Facing a state-mandated deadline of June 30 to have a new budget in place, West Hollywood’s City Council approved the proposed $68 million annual budget for the fiscal years 2012-2013 and 2013-2014 at its Monday night meeting.
That budget projects revenues of $13.5 million in transient occupancy taxes (20% of the budget), $12.9 million in property taxes (20%), $11.4 million in sales/user taxes (17%), $8.4 million in parking fines (12%), $4.3 million in parking meter revenue (6%) and $17.6 million from other sources (26%).
On the expenditure side, 38% goes to staff wages and fringes, 23% for sheriff/fire services, 6% to social services contracts and 5% to debt/bond repayment, among others.
The Council passed the budget as presented due to the state deadline, but will likely make adjustments during future meetings.
The budget faced severe criticism from speakers during public comment. Some were concerned about specific expenditures. Others were frustrated by the lack of details contained in the 272-page document.
The council shared the frustrations about the document’s presentation. Councilmember John Heilman said it was lacking in specifics and needed more details.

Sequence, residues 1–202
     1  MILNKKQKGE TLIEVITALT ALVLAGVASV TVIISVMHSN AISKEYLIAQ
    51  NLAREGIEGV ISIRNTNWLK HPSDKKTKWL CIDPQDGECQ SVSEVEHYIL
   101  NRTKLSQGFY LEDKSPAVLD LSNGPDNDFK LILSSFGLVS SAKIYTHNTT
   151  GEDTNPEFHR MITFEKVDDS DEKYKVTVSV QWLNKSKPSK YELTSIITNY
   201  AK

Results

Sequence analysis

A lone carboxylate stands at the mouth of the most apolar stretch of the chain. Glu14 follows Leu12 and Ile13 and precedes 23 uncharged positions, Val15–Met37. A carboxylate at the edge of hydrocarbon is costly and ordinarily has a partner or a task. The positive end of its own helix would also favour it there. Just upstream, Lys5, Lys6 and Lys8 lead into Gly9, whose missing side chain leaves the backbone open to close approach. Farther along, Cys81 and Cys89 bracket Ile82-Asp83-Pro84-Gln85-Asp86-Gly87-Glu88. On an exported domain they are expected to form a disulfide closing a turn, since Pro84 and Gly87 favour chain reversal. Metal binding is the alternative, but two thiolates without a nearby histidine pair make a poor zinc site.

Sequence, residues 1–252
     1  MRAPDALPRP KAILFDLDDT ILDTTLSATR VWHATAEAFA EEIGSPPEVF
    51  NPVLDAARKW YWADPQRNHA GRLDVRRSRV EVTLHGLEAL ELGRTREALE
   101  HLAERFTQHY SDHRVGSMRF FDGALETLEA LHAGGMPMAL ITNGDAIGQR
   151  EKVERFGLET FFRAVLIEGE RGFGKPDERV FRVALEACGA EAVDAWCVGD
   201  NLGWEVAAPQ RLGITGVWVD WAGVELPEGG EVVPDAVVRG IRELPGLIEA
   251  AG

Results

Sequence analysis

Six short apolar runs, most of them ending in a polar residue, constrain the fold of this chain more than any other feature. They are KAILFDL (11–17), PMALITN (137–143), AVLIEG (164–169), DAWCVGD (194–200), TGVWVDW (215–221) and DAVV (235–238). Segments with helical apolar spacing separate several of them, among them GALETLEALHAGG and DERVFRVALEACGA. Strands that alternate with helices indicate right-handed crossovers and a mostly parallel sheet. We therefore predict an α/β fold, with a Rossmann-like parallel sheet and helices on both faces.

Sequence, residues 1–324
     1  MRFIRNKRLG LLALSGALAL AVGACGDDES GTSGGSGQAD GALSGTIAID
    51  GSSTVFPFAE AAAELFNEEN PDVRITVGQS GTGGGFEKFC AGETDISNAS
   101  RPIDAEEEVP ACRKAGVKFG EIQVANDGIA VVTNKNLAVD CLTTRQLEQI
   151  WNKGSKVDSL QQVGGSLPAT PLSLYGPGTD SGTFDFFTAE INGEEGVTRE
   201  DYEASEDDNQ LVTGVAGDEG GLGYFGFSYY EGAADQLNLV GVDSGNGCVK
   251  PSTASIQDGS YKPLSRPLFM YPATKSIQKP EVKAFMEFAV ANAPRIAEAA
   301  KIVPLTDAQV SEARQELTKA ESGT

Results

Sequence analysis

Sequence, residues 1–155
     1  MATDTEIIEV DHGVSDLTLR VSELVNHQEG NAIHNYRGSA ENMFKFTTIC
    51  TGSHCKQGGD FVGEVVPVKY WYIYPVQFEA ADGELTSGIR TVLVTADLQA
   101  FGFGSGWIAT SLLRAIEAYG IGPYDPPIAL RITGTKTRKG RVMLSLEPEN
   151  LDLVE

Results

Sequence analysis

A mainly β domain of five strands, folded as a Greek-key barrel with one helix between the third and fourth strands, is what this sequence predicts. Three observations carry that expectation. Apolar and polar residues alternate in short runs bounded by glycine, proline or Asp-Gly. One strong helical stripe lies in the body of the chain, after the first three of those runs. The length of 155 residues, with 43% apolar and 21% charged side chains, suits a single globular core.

Councilmember John D’Amico said the budget read more like a year-end report that a company releases, not a detailed listing of how the city plans to spend its money. Mayor Jeff Prang said it was written like a story but without explanations for why the money was being spent.
D’Amico questioned why the various commissions hadn’t been given the opportunity to weigh in on the budget and why the public hadn’t been involved in the process.
Mayor Pro Tem Abbe Land said that the council usually has a budget study session to ask specific questions and make specific changes in April before approving it in June. However that had not been done this year.
Councilmember John Duran said that the budget is not a Bible, but rather a guiding tool for how the city likely will spend its money. He pointed out that the Council makes revisions to the budget at virtually every meeting when it approves various expenditures.
The Council then started making requests for specific changes – $10,000 more here and $10,000 more there, put this money here instead of there, etc. D’Amico said he wanted to double the arts budget from $100,000 to $200,000.
As this was going on, Prang said the Council was essentially having the budget study session it should have had in April during that meeting. City Manager Paul Arevalo said he would bring those modifications back to the July 2 Council meeting for approval.
D’Amico questioned what the budget as a whole said about the city. He said the budget reflects the priorities of the city and the City Council but not of the residents and businesses. He also noted that the budget seemed to reflect policy shifts that had not had hearings in the public realm.
Prang responded that it was a good document and that it does reflect the values of the community. Prang also noted that he has never seen as much community involvement with the budget before.